“We wanted to certify people who could really work on data to bring our broader population into IBM’s digital transformation,” says Matthias Graefe, IBM’s Director of Supply Chain Transformation. But it isn’t enough to just offer one-off classes in, for example, Python programming, which would likely result in the creation of isolated applications and solutions. The company also wanted to ensure that its latest crop of Citizen Data Scientists has an understanding of cybersecurity, because a talent in programming doesn’t automatically mean the person understands how to ensure the programming, they’re creating is also compliant, Graefe says. “We knew we wanted to achieve both sides of it — enabling people in a supportive way, while also creating a community and governance around what they are doing.”
Taking the CDS Challenge
Brenda Berg, CDS Program Manager, advises that the CDS program requires more than just watching some videos and taking a test to earn the digital credentials. It may not be as difficult as becoming a full-fledged data scientist, but the Citizens Data Scientist certification still is no walk in the park. In fact, only 70% of the first year’s CDS trainees made it through the program. The nature of the learning, uninterrupted time commitment and demanding day jobs are what makes the program challenging.
To help keep candidates on the learning path, the program is highly structured and includes having a technical leader, a program manager, and a project manager agree to facilitate the process. Each candidate also is assigned a mentor to help them develop the data scientist mindset and build the new ecosystem together with professional data scientists. Employees who chose to participate could leverage their allocated IBM global training program learning hours to gain data science knowledge and skills.
CDS candidates initially were chosen by their managers because it takes a true commitment on both the participant and their managers, says Giovanna Benetti, Digital Supply Chain Transformation Leader. The self-paced training is done in parallel with participants’ day-to-day jobs, so both their managers and the participants need to ensure that they can complete the program while still getting their daily work done.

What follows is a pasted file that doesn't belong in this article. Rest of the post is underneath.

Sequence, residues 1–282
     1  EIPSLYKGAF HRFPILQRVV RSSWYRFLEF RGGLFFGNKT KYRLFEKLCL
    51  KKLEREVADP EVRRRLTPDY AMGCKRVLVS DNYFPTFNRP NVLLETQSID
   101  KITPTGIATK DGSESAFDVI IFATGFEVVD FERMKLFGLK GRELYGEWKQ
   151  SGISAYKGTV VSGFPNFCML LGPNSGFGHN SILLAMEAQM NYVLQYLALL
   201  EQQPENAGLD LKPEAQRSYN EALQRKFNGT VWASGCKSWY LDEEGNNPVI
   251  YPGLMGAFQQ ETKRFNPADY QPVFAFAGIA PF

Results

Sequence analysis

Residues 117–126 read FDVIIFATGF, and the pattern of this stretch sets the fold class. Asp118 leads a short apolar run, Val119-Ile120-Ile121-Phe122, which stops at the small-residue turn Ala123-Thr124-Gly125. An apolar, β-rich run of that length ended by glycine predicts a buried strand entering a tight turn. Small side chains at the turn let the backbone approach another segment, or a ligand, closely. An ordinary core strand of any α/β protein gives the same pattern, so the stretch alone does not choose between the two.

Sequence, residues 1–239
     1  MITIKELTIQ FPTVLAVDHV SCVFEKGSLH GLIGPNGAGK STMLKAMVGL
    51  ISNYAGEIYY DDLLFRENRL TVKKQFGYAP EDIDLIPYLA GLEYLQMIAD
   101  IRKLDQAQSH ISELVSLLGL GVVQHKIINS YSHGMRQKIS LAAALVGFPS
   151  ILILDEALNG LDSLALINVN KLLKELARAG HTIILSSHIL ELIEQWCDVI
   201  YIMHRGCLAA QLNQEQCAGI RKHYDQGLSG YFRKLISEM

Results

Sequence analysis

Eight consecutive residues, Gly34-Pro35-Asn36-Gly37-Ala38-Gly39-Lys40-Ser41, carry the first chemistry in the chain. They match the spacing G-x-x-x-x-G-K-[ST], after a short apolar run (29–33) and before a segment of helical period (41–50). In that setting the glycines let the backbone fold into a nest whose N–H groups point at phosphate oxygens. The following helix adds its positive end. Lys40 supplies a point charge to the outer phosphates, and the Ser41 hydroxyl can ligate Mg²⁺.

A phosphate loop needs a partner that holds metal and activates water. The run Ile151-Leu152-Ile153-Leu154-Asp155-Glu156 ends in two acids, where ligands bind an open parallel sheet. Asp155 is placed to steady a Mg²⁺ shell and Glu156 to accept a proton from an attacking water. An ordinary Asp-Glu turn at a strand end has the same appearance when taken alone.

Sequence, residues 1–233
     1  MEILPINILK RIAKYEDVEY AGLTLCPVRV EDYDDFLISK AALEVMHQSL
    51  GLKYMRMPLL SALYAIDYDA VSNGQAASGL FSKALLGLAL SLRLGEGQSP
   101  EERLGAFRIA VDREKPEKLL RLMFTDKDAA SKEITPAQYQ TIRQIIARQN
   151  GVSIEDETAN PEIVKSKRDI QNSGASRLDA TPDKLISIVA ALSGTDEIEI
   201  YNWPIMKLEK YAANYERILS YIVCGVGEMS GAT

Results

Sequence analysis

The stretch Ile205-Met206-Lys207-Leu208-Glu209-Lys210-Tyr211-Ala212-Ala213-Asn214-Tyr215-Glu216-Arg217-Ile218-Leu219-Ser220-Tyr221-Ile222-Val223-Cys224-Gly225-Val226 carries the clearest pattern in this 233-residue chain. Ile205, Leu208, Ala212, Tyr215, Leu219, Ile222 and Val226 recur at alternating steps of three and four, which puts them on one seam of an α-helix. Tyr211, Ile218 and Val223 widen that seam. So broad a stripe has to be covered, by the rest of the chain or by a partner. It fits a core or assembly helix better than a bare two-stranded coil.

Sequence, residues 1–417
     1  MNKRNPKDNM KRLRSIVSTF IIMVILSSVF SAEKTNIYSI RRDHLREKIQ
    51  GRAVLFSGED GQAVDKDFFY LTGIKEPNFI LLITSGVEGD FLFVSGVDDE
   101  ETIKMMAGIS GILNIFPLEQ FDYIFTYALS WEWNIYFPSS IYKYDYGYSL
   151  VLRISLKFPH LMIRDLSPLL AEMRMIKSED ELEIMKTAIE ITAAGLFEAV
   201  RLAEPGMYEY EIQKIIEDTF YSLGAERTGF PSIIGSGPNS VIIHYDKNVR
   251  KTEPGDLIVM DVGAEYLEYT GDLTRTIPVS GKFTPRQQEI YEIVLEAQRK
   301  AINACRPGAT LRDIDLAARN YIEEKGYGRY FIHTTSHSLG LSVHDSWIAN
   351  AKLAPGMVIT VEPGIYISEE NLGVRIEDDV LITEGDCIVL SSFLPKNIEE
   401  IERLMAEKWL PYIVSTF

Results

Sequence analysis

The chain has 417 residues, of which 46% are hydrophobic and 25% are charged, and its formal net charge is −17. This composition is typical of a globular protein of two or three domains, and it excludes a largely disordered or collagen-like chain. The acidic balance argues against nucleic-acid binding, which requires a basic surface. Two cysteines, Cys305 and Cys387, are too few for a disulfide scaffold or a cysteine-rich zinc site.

The data science mentor role also is a key one, she adds. They meet regularly with CDS participants to assist with coursework understanding, application, and provide guidance on the required Citizen Data Scientist project plan to complete the certification. Now that the program has an established, and growing, bank of certified Citizen Data Scientists, the idea is that some of those who have been through the program can now turn around and assist new trainees within the CDS community. Or, as Anita Toth, Global Supply Chain Manufacturing Operations and Integration Manager, says, “We now have started to eat our own cooking. The people who have graduated from the CDS program are now applying their skills back to the business, either vertically in their own domain or cross-organizationally. We have some Citizen Data Scientists who just graduated one year ago who now are guiding people who are currently in the program.”
“A key component to the program is that participants also must apply what they are learning to real-world projects.”
Another key component to the program is that participants also must apply what they are learning to real-world projects. These projects generally fall into three buckets. One is what IBM calls “big rocks,” which are multidomain, large-scale projects that are important to the organization overall. “It’s a benefit for employees to work on these big rocks projects, because they can both experience different functional areas, and are able to contribute on projects that have a big impact,” says Graefe. Then there are smaller projects, or “pebbles,” which generally fall within a specific business or functional area, and even smaller, more specific “sand” projects. Of course, the big rocks projects result in the most material savings — and the highest visibility. As an example, a 2020 CDS participant’s pebble project resulted in a $50K inventory savings for his business unit. After CDS graduation, he partnered with CDS multidomain colleagues to drive a services and manufacturing synergy project. Over the past two years this advanced deep learning-machine learning model contributed over $10 million in inventory savings and cost reductions.